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Thorn Explains: Gender and Clothing

Thorn Explains: Gender and Clothing published on 4 Comments on Thorn Explains: Gender and Clothing

I drew some of this for a Q&A on the official Leif & Thorn Tumblr. (If you want miscellaneous background details and fourth-wall-breaking mini-gags, check out the whole set!) When the topic kept getting interest, I figured it deserved to be promoted to a full-fledged Thorn Explains.


Leif: Is my fashion sense as feminine by Ceanska standards as it is in Sønheim?

Thorn: Uh . . . what’s “femin-ish” to Sønheim?

Leif; Skirts, mostly.

Thorn; And, wait, how strict is this?

Leif: For casual clothes, not strict at all. But when you get into formal situations . . . an outfit like this is frowned-on for men, even though it’s respectable for women. You could call my style “feminine to a socially appropriate extent.”

Thorn: Hang on. I’ve seen your ambassador wearing a dress on fancy occasions.

Leif: No, no, that’s a robe. It’s completely different.

“butch” “casual” “cute” “dapper” “femme”
(*very loose English translations)

Thorn: Ceannic styles are mostly categorized by fanciness. Nothing is, ah, “inappropriate” based on gender. Some styles are more popular with women, but I can’t think of anything that’s never worn by men. (Or vice versa.)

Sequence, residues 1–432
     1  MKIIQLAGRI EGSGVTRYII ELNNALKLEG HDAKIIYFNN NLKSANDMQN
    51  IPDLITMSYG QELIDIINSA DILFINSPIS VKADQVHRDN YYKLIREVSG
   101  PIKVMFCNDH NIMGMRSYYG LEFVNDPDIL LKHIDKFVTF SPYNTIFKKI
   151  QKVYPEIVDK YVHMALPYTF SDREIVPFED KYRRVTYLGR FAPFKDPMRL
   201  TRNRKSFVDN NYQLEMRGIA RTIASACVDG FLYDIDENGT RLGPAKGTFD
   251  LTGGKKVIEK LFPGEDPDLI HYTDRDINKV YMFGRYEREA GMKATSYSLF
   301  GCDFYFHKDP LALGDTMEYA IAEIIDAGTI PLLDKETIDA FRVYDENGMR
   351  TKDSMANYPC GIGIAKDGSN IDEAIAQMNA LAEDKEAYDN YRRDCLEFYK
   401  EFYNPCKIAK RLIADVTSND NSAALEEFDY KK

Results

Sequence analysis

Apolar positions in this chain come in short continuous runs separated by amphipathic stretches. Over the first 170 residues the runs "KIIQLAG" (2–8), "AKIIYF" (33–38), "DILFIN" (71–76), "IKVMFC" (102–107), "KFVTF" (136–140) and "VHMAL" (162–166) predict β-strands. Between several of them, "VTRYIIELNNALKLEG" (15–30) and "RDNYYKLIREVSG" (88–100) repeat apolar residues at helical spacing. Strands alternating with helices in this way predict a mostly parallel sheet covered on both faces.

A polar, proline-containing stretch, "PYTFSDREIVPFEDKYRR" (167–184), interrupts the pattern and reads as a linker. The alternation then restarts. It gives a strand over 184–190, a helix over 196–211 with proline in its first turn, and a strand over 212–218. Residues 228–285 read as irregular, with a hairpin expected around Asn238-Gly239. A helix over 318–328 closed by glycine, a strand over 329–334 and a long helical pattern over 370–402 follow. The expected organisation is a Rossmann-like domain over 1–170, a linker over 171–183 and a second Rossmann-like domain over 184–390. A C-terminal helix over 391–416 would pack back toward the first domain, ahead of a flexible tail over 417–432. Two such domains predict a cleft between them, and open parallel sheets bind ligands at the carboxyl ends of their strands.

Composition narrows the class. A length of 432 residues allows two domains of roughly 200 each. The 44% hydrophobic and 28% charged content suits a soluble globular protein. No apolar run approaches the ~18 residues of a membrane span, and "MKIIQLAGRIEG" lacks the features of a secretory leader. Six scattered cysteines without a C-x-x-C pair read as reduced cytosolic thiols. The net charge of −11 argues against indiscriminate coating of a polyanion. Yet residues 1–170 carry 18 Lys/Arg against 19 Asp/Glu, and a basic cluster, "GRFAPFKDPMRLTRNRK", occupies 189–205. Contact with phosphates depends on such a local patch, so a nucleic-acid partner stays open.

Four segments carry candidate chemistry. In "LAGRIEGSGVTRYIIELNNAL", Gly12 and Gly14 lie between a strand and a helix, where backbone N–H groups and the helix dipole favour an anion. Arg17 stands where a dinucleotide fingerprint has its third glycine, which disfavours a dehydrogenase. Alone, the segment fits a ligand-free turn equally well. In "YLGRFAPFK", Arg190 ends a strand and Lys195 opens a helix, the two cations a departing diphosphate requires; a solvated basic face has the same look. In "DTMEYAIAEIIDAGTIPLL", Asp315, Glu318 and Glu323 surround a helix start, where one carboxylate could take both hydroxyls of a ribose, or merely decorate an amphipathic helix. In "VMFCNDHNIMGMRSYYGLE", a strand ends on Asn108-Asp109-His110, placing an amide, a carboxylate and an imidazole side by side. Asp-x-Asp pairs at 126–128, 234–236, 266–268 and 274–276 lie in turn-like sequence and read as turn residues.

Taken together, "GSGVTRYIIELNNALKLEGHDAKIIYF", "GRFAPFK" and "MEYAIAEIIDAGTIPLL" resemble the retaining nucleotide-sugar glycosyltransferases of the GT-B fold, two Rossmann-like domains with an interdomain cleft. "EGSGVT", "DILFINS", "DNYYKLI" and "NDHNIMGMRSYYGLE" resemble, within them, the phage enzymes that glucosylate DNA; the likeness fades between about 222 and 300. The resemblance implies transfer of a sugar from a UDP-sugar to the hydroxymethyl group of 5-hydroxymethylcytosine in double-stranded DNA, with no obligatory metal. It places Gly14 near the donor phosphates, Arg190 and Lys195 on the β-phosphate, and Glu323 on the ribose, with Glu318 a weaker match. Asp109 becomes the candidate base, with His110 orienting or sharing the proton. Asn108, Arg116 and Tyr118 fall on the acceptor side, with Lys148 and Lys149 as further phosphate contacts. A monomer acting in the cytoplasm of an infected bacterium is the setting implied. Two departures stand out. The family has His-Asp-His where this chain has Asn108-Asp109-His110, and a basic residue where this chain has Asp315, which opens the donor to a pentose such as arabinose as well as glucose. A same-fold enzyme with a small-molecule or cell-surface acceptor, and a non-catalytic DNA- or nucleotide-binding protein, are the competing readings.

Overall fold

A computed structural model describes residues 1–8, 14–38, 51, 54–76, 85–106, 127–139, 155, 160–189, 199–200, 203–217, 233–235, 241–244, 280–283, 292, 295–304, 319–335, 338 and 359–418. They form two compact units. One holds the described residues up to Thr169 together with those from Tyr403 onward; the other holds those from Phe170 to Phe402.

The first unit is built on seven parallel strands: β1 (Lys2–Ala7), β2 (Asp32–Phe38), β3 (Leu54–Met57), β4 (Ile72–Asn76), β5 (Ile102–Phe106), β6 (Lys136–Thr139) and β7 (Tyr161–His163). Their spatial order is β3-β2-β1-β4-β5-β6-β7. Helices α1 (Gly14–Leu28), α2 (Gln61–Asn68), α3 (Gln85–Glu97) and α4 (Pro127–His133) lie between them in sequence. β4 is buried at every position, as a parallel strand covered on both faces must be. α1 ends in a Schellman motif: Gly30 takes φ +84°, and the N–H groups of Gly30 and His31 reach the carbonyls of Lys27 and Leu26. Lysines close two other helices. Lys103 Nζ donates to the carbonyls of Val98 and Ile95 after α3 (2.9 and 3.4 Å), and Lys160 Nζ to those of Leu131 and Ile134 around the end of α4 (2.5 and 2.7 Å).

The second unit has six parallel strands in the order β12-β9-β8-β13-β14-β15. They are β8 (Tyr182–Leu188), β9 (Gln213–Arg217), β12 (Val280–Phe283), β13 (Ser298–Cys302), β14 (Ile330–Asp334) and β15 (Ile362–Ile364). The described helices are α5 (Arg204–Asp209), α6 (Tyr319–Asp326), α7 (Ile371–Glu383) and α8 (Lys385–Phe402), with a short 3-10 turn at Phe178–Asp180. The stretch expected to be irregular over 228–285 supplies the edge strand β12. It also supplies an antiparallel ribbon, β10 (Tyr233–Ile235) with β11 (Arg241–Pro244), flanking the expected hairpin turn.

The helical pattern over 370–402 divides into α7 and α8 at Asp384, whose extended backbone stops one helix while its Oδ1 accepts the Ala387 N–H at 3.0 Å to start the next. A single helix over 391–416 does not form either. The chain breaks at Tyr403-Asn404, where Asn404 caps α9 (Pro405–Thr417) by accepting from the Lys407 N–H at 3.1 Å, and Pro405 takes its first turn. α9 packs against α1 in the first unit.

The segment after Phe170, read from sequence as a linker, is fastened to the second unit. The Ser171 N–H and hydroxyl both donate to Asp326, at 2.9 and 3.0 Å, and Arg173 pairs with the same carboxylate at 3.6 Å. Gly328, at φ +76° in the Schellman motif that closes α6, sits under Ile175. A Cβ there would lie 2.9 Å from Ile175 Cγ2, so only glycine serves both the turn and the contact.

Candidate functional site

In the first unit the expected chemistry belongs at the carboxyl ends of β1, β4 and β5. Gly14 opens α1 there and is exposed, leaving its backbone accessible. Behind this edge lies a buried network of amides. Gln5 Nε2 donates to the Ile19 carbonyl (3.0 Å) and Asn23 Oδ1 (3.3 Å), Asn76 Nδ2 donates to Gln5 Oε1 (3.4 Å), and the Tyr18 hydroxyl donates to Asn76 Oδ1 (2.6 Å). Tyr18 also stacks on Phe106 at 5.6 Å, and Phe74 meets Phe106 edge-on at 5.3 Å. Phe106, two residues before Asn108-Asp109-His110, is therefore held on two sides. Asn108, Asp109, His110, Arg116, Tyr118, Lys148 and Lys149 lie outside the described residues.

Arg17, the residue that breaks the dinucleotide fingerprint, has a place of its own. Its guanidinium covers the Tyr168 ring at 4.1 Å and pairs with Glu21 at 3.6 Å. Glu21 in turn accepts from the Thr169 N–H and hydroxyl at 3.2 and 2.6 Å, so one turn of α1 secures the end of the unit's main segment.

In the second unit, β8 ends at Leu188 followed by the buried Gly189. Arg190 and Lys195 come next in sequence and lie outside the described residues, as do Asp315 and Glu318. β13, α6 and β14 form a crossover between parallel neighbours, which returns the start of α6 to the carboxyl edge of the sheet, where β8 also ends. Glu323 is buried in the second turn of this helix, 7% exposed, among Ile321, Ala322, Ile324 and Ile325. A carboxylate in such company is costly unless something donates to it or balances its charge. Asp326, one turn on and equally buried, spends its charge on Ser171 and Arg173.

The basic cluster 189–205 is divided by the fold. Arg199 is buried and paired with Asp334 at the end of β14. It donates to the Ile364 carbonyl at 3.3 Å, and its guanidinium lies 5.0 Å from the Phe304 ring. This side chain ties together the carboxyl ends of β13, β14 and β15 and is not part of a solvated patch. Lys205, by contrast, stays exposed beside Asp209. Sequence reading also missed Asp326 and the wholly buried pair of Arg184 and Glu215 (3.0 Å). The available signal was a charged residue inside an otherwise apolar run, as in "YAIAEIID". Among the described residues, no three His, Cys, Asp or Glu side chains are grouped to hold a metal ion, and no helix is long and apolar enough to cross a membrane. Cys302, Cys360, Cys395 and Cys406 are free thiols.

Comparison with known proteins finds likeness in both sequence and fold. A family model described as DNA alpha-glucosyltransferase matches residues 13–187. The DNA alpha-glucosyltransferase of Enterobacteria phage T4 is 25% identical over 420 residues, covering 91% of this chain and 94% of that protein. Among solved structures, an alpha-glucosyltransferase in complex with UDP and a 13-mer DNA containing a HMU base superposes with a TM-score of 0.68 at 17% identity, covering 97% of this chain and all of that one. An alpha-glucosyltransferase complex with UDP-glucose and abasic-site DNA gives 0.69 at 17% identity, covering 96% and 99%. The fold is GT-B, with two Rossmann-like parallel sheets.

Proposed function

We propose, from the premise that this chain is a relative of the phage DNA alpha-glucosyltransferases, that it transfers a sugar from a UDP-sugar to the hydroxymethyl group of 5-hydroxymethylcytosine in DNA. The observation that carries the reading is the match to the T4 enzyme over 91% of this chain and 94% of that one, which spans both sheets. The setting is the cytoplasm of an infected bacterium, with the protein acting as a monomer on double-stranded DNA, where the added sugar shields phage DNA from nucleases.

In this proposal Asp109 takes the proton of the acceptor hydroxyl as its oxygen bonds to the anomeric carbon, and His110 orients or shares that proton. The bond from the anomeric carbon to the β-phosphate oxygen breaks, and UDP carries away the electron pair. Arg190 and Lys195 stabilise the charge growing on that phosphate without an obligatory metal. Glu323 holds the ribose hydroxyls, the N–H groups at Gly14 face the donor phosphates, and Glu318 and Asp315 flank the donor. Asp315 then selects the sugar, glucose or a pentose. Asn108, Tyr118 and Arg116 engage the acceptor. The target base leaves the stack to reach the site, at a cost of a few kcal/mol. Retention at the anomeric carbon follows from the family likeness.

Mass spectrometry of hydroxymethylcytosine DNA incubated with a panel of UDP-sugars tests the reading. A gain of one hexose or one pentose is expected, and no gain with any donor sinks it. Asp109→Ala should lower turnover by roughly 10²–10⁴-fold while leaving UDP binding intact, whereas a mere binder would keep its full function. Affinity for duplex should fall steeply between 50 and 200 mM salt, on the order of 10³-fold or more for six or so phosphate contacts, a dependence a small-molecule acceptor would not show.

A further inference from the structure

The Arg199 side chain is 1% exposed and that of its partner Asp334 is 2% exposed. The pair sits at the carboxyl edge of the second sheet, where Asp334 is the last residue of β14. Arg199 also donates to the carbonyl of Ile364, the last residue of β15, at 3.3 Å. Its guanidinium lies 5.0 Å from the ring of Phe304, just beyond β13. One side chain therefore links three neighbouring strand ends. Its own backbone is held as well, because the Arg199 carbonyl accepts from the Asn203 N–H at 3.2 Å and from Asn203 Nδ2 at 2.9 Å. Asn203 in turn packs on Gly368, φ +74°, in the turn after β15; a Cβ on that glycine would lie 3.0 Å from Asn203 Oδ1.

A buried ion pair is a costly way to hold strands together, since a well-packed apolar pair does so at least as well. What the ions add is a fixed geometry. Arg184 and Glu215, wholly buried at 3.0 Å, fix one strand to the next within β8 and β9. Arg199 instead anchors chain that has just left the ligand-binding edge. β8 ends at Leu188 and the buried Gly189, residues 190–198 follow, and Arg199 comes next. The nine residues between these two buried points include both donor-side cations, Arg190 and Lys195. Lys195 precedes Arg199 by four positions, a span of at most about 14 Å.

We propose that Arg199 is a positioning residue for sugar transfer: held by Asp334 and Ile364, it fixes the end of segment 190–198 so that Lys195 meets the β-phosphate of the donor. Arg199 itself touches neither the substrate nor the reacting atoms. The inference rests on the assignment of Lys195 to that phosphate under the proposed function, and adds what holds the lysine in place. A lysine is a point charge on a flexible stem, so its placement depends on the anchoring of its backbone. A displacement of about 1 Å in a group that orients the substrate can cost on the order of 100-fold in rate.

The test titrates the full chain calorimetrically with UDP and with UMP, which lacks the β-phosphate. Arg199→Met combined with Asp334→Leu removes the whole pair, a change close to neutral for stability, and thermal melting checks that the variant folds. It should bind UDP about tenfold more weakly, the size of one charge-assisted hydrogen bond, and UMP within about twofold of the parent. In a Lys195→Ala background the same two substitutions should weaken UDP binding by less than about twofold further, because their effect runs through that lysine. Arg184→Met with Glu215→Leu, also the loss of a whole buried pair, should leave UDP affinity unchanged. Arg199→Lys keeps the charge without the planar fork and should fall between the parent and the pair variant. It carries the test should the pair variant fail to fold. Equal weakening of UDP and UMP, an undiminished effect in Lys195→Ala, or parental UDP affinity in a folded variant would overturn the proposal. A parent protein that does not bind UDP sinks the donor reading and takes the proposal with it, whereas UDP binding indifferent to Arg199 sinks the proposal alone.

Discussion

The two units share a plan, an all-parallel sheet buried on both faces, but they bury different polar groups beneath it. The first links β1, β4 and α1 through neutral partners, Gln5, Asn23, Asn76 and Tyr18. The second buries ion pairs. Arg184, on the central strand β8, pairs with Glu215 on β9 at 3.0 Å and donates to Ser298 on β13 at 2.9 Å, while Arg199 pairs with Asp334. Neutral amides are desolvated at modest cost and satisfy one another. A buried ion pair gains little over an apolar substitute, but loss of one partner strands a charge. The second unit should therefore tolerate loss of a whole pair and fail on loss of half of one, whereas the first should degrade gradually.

Or even anything that’s only worn by men when they feel . . . disconnected from their genders. Is that a thing? It could be a thing. I mean, what do I know from gender theory.

These are basic tunic-and-leggings outfits. Worn by everyone. No special “feminish” or “masculesque” features.

Leif: This isn’t the same one I was wearing. No lace or poofy sleeves.

Thorn: Yeah, those are details that the ladies are usually more into, I think. But in Ceannic it sounds most natural to just call this style “cute.”

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I’m a little confused by your use of “dapper.” I never hear it used to describe women, so it seems odd that you’ve put it on the fem side of “cute,” which I mostly hear describing women. Is it just me, or is this a semantic difference between English and Ceannic, or…

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